• Proposed Approach Personalize it: I have seen too many proposals that have a
• Benefits derived from approach cookie-cutter introduction with the prospect’s name just
• Business case for taking action (if necessary) dropped in. Prospects are looking for someone they can trust
• Why hire your firm who cares about their company. Begin with a summary of
• Fees/Arrangements their current situation and explain what you know about the
• Acceptance company. Focus on the prospect, not on your firm.
What do they really need? Using a needs assessment as the
Review: Appropriate team members should review the first foundation of the proposal allows you to develop copy tai-
draft internally. Next, review the first draft outline with the lored to your firm’s strengths while still focusing on the
prospect or client if possible to ensure you have accurately prospect’s needs. The difference between delivering a bene-
reflected their needs. Incorporate changes and prepare the fit-driven proposal, rather than a feature-oriented proposal
final draft with fees. can make a big impact in the eyes of the reader.
Submitting the Proposal: Present the proposal in person Don’t reinvent the wheel: Develop copy blocks for stan-
whenever possible. dard parts of your proposal ahead of time that you can drop
September 2005 www.PMForumNA.org Professional Marketing 9
into proposals. Create urgency: It’s important to understand how the
prospect moves toward making a decision. Use the proposal
Give them what they want right away: If your prospect is to explain the benefits and provide a business case for taking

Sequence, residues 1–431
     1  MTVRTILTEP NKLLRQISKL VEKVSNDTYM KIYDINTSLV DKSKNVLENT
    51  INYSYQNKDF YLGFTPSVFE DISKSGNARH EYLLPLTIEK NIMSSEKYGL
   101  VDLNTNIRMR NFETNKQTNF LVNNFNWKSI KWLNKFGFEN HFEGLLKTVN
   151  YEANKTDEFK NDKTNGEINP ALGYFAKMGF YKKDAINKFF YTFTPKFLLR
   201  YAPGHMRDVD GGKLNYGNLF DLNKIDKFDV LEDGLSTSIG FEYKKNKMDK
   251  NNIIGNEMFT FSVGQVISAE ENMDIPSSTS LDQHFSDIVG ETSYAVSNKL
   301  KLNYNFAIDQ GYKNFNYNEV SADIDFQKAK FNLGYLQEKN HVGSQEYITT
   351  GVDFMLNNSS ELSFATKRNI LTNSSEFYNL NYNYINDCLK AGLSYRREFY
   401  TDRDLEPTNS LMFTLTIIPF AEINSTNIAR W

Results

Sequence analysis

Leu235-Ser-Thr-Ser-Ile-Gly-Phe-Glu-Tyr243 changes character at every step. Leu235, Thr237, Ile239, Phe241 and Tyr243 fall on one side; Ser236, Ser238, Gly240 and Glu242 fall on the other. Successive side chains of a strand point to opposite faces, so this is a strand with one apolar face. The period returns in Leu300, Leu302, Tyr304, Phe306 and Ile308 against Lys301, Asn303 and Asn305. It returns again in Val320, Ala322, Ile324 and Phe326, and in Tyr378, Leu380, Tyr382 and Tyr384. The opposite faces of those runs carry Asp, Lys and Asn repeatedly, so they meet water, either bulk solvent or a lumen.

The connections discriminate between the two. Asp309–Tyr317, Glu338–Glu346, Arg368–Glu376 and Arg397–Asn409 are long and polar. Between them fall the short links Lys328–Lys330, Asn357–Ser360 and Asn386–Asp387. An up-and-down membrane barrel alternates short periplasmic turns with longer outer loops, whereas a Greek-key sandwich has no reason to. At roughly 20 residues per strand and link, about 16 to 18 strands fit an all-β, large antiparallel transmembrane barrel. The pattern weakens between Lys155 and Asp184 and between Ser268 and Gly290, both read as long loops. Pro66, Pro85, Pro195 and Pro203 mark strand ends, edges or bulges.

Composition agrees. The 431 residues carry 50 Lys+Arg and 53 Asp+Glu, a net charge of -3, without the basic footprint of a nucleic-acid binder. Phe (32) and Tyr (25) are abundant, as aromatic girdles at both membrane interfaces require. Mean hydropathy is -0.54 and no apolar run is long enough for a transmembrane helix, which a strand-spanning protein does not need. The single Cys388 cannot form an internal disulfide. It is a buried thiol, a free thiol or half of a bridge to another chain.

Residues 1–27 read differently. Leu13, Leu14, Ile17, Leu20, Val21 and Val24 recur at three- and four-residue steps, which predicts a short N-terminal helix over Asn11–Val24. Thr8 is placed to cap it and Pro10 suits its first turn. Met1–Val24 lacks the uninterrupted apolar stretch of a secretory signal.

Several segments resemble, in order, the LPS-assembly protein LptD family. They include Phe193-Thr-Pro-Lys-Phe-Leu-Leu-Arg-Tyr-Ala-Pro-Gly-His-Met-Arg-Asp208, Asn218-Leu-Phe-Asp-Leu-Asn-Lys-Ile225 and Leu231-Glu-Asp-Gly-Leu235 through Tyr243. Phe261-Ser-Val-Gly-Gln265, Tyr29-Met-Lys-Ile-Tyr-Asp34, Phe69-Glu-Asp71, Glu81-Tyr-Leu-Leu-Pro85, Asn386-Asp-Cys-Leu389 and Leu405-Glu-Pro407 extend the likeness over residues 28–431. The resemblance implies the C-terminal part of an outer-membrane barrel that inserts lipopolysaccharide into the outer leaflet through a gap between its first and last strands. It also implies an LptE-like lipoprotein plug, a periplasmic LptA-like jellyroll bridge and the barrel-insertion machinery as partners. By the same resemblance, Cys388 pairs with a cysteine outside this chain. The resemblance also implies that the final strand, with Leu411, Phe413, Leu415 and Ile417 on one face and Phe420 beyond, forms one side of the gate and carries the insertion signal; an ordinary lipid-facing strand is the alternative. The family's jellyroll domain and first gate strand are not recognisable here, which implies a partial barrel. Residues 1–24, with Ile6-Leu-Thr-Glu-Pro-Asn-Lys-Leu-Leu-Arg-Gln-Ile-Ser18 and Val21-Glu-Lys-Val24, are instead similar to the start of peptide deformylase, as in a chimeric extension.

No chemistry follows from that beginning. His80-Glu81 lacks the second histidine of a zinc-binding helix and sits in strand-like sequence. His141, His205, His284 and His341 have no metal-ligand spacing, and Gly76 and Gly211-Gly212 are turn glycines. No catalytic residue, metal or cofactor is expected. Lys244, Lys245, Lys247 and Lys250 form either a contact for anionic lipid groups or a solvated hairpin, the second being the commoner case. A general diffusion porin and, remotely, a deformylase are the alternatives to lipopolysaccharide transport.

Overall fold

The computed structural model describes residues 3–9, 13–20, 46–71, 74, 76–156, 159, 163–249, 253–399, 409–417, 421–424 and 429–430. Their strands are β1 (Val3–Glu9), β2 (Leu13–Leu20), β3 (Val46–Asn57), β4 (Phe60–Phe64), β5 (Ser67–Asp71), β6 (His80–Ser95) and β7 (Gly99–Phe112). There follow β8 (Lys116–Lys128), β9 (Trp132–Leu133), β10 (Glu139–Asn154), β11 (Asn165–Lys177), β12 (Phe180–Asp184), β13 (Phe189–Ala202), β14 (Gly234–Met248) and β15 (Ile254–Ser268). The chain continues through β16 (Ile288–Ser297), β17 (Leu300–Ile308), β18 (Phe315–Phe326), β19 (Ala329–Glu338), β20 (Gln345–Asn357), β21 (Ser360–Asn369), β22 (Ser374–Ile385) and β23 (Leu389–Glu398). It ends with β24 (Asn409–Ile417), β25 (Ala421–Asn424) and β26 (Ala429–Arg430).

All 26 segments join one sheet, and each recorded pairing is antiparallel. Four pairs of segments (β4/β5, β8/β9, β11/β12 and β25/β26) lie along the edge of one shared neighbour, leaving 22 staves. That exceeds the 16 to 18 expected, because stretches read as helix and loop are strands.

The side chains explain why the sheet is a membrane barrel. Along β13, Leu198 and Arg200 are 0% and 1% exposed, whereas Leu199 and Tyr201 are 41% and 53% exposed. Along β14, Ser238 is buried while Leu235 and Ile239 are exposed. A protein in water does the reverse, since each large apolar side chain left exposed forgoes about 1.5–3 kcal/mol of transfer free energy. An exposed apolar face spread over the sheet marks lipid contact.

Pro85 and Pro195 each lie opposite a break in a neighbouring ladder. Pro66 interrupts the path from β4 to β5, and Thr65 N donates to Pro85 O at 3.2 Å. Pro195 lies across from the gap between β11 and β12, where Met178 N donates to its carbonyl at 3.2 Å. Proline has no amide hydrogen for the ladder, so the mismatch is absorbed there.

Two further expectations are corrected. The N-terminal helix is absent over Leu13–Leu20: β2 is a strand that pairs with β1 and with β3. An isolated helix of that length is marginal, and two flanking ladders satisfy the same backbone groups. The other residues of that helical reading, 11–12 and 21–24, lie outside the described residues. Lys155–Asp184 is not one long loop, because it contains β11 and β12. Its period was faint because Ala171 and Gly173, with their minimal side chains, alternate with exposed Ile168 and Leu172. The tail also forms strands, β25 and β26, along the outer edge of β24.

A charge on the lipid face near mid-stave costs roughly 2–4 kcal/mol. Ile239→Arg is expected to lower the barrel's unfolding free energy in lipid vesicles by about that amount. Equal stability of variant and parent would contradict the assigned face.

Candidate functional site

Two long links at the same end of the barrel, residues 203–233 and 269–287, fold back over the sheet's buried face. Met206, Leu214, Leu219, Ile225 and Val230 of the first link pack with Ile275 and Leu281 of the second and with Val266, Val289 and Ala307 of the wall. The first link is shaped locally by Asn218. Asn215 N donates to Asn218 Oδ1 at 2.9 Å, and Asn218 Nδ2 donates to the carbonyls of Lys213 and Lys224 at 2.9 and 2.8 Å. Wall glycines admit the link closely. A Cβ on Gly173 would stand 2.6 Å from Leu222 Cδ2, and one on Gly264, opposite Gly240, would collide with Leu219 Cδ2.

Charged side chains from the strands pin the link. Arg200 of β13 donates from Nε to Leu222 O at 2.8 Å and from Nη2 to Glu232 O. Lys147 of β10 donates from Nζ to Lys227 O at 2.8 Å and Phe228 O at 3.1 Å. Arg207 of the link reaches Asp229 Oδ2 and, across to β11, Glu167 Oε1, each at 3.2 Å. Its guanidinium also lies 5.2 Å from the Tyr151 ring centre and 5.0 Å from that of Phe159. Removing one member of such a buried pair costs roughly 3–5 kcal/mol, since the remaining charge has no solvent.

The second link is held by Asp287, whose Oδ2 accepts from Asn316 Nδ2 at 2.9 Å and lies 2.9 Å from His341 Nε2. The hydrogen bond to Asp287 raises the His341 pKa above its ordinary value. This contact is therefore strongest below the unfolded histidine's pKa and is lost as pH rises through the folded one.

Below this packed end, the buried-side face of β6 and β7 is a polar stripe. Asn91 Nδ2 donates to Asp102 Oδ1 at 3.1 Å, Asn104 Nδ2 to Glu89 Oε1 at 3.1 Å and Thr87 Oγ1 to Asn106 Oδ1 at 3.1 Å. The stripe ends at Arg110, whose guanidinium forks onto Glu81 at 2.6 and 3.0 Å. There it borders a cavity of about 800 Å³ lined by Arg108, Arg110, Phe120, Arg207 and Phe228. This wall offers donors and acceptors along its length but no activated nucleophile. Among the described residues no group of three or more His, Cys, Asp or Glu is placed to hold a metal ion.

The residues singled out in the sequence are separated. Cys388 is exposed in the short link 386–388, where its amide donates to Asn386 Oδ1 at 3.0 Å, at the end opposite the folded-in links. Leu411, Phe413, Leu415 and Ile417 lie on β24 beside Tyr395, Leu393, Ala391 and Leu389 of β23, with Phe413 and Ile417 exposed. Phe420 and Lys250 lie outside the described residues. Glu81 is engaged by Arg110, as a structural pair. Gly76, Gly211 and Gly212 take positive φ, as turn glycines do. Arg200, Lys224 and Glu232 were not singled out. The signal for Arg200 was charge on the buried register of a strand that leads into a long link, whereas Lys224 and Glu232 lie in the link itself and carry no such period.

looking for audit and tax work, don’t spend five pages of the action. By pointing out the opportunities and threats (“If you
proposal explaining succession planning and cost segrega- do not do this you will pay more in taxes than required”) you
create urgency and make the prospect move to a decision
I have seen too more quickly.
many proposals that
Make it easy to accept: Make it as easy as possible for the
have a cookie-cutter prospect to sign on with your firm. Provide a clear place for
introduction with them to sign the proposal and a way to return it. Something
as simple as a “Fees and Acceptance” portion of the proposal
the prospect’s name allows the prospect an easy way to sign and send while the
just dropped in. commitment is fresh in their mind.
You can increase your firm’s proposal win-rate. Creating a
standardized proposal process can save time and positively
tion. Providing too much information will only confuse the influence how potential clients perceive your company.
reader and make it harder for them to determine how you Proposals are essential aspects of winning new business –
will help them with their immediate needs. Stick to what and a window for the prospect to see how your firm operates.
you are proposing to do – and what it will cost. Know what image you want to portray.
Lisa Rhatigan is the Vice President of The Whetstone Group, Inc. The Whetstone Group helps professional service firms
develop and implement effective growth plans. For more information contact firstname.lastname@example.org or visit